Two weeks ago, Destiny Osborne, who served as the key witness in the case that led to the conviction of Chris Tapp for the 1996 murder of Angie Dodge, completely recanted her testimony.
How many of us have faced our past so bravely?
We should honor what Osborne did. She came forward to speak the truth. She did this without any hope of personal gain — in fact, at risk of great personal loss. She did it because she believed it was the right thing to do.
Some are angry with her for giving false testimony two decades ago when she was a teenager.
But anger at Osborne is completely misplaced. She is a lot like Tapp, the young man this community threw away 23 years ago.
Both Tapp and Osborne, following interrogations, told police substantially similar stories. Why were they so similar? Both say they repeated the story police fed them, the story police guided them to regurgitate.
One striking similarity in their stories: Both implicated another young man named Jeremy Sargis in the crime. There is no shred of evidence suggesting Sargis was there or knew anything about the murder. He was just a random young man living in Idaho Falls in 1996 and Tapp’s friend.
Why would Tapp falsely implicate himself and his friend in a murder? He was threatened with the gas chamber if he didn’t confess and offered an immunity agreement for implicating others.
Osborne remembers police seeking to interrogate her when she was confined in the Behavioral Health Center. If she didn’t agree to speak with them, the next stop would be “big jail,” she remembers.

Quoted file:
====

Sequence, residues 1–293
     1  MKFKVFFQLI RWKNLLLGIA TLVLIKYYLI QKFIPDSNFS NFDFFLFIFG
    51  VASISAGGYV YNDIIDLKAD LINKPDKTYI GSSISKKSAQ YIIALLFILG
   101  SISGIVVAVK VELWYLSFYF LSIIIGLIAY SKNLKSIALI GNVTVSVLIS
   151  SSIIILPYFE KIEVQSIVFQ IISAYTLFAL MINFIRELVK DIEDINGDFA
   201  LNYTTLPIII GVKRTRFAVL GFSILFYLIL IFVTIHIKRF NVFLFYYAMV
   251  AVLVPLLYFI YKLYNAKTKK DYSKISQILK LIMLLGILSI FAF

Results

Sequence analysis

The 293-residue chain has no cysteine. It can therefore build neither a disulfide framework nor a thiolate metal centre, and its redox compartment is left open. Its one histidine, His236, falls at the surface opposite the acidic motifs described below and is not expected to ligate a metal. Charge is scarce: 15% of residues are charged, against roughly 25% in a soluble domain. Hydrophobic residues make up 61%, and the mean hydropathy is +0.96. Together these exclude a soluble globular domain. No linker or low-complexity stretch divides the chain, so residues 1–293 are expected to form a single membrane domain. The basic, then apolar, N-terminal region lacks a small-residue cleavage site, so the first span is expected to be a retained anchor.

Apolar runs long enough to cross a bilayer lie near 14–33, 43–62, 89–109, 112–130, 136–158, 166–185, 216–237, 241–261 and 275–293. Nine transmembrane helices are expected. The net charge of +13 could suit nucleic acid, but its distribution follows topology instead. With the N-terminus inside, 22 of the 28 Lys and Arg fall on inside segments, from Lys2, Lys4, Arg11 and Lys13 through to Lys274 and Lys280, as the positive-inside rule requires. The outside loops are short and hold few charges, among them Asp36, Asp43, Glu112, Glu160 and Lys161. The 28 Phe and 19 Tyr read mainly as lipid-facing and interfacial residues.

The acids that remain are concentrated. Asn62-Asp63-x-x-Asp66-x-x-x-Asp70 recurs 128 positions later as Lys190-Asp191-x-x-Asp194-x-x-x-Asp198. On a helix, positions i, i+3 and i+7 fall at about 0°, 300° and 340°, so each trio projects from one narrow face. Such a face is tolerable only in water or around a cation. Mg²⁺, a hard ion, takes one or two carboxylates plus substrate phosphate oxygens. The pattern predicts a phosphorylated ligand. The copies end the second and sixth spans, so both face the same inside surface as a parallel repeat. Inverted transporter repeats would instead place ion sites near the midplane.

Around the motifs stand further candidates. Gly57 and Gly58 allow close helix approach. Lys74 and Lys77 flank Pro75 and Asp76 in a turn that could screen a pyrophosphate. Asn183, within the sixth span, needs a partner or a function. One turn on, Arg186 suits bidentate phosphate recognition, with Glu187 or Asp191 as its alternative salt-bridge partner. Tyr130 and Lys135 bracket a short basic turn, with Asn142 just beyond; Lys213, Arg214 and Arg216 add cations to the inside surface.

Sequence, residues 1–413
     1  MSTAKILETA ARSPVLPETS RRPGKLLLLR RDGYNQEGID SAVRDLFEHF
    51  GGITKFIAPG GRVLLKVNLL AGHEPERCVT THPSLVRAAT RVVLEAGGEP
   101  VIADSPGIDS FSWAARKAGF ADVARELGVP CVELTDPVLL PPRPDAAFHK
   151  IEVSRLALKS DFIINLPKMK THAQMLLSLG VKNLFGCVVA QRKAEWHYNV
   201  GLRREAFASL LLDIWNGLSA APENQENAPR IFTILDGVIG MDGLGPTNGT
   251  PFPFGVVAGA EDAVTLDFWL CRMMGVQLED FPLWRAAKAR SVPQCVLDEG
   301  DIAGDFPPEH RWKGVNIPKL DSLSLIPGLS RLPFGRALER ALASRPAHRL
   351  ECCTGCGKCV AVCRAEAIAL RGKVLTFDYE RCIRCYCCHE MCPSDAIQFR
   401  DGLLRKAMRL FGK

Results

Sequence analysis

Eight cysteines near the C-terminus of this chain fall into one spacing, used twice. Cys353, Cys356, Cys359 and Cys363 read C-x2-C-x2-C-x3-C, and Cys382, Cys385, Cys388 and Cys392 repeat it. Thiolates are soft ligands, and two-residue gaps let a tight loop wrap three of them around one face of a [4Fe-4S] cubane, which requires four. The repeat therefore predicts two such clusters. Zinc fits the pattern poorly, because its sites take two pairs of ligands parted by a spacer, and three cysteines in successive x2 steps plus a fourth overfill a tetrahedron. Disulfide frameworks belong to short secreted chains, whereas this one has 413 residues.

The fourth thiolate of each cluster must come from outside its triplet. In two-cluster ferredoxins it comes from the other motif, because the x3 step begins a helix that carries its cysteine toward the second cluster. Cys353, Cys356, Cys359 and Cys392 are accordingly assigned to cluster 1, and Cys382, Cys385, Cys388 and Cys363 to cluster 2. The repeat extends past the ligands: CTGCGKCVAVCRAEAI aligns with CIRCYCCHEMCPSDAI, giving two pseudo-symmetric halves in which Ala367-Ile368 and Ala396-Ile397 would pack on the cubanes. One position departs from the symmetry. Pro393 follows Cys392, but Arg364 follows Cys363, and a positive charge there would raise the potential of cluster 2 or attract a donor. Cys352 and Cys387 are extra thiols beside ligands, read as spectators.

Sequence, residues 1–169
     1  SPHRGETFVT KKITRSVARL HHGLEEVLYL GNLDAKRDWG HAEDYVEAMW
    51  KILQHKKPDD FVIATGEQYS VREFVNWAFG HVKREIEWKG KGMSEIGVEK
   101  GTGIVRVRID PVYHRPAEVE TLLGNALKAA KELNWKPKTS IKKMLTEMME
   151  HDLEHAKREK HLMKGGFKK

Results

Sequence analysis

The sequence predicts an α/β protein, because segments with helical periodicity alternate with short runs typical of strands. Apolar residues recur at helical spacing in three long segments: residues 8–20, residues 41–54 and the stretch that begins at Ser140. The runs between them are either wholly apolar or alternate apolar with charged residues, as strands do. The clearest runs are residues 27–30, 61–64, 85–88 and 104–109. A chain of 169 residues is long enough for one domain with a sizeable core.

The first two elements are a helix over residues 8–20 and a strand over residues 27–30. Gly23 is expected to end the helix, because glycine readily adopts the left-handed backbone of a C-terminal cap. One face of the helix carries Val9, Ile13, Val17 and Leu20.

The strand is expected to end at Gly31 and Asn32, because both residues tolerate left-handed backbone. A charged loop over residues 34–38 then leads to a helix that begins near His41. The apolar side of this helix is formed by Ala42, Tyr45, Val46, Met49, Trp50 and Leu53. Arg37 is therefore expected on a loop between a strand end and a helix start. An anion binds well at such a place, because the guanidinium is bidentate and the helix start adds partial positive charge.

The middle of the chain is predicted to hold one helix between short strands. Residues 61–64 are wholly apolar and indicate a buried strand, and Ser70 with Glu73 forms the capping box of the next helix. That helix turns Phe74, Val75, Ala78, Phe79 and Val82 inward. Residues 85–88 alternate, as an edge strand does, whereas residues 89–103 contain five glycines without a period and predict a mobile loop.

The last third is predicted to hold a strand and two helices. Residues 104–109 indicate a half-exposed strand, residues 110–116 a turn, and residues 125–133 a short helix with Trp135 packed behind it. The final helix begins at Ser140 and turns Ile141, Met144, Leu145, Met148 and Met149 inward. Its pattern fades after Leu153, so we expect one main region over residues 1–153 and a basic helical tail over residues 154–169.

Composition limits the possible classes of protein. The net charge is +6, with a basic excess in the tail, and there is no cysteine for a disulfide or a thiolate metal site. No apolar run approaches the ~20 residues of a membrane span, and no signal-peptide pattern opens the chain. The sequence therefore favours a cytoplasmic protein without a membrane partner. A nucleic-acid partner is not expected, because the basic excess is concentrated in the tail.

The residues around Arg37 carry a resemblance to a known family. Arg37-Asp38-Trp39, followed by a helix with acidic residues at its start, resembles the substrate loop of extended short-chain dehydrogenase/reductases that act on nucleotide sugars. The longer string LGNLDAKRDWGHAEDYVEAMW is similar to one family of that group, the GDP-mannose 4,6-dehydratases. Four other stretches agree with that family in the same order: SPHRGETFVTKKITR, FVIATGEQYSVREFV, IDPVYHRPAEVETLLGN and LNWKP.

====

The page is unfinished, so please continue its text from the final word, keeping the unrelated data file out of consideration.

When police first suggested to Tapp that his friend Sargis may have been there, Tapp denied it and protested that surely he would remember that fact if it were true. But, with an immunity agreement on the table, and having been told that he had repressed memories that a polygraph could reveal like an oracle, he finally implicated Sargis.
And then he turned over his shoulder to ask his polygrapher if he had finally told the truth this time. Because if the polygrapher decided he was telling the truth, his immunity agreement would be secure, and he could finally go home. The polygrapher, in fact, said he was telling the truth. And then police tested Sargis’ DNA, and he wasn’t a match.
This is what renowned polygraph expert Charles Honts meant when he said the polygraph was used as a “psychological rubber hose” in this case.
Tapp served 20 years in prison. Osborne served 23 in a prison of guilt.
But in the years since Tapp’s release, forgiveness has brought a measure of healing to those Tapp’s conviction affected.
When Tapp was finally freed, Sargis — who had fled this community because he could no longer deal with the insinuations that he had something to do with the killing — returned to embrace Tapp.
And at the same time, Osborne told Tapp how she had come to testify falsely. And Tapp forgave Osborne.
If Sargis can forgive Tapp and Tapp can forgive Osborne, then not one person in this community has the right to hold an ounce of anger against Osborne on their behalf. Rather, we should follow Tapp’s and Sargis’ examples.
That does not mean there is no reason to be angry about what happened in this case — there is plenty. This case has torn many lives here asunder.
If the scales of justice in this community are to be placed back into balance, there must be a reckoning.
The question is: Who is accountable for what happened in this case?
Not Destiny Osborne. Not a frightened teenager.
Whoever is accountable, they had much more power, and far greater responsibility, than her.